Having thus described our invention, what we claim as new and desire to secure by Letters Patent, is:-
1. In combination with a container having an outwardly turned-over flap at its top edge, a hook member of substantial width, comprising revers,. 1y bent portions presenting an upwardly disposed loop adapted to be engaged over the top edge of said container, and a downwardly disposed loop adapted to present a hook-like configuration on the inside of said container, the outer leg of said upwardly disposed loop having a turned-over portion to engage beneath said flap.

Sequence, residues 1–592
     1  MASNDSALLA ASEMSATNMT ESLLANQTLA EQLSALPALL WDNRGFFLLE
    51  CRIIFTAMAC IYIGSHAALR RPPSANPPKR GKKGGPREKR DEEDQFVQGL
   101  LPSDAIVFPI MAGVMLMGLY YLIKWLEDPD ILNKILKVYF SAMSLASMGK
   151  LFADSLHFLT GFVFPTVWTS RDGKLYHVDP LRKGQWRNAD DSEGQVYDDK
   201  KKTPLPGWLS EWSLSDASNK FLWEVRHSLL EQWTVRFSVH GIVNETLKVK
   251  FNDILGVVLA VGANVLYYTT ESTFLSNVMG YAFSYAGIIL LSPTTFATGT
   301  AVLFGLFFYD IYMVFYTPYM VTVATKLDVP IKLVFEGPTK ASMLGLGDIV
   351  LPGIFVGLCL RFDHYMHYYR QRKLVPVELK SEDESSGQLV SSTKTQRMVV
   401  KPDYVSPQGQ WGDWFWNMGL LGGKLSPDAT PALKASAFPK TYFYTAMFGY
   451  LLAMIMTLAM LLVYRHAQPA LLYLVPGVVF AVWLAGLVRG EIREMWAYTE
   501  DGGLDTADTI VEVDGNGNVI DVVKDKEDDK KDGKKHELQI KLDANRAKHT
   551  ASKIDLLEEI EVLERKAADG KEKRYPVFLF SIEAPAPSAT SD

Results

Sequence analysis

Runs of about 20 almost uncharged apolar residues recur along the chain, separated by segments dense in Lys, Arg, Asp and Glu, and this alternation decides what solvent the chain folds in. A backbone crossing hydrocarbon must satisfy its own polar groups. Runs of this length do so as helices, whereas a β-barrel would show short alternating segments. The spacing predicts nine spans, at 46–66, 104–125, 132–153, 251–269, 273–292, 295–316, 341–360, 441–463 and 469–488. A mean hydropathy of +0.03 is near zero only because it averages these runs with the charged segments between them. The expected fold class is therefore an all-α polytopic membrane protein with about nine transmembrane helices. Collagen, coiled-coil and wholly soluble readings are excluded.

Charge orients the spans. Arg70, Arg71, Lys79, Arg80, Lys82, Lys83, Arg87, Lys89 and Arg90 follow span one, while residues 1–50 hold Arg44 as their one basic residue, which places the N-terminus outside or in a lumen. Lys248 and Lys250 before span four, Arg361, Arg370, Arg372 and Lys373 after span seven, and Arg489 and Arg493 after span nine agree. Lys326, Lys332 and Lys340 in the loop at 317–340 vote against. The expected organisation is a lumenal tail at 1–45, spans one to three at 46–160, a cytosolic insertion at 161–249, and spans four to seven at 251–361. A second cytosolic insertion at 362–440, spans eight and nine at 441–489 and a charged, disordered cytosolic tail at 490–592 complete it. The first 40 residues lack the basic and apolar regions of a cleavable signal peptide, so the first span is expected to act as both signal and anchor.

2. In combination with a cake caddy having an outwardly turned-over flap, and provided with a slip-on top closure member for display purposes, a hook member of substantial width, comprising reversely bent portions presenting an upwardly disposed loop adapted to be engaged over the top edge of said container, and a downwardly disposed loop adapted to present a hook-like configuration on the inside of said container, the outer leg of said upwardly disposed loop having a turned-over portion to engage beneath said flap, said hook member being of a size substantially to be concealed by said top closure member.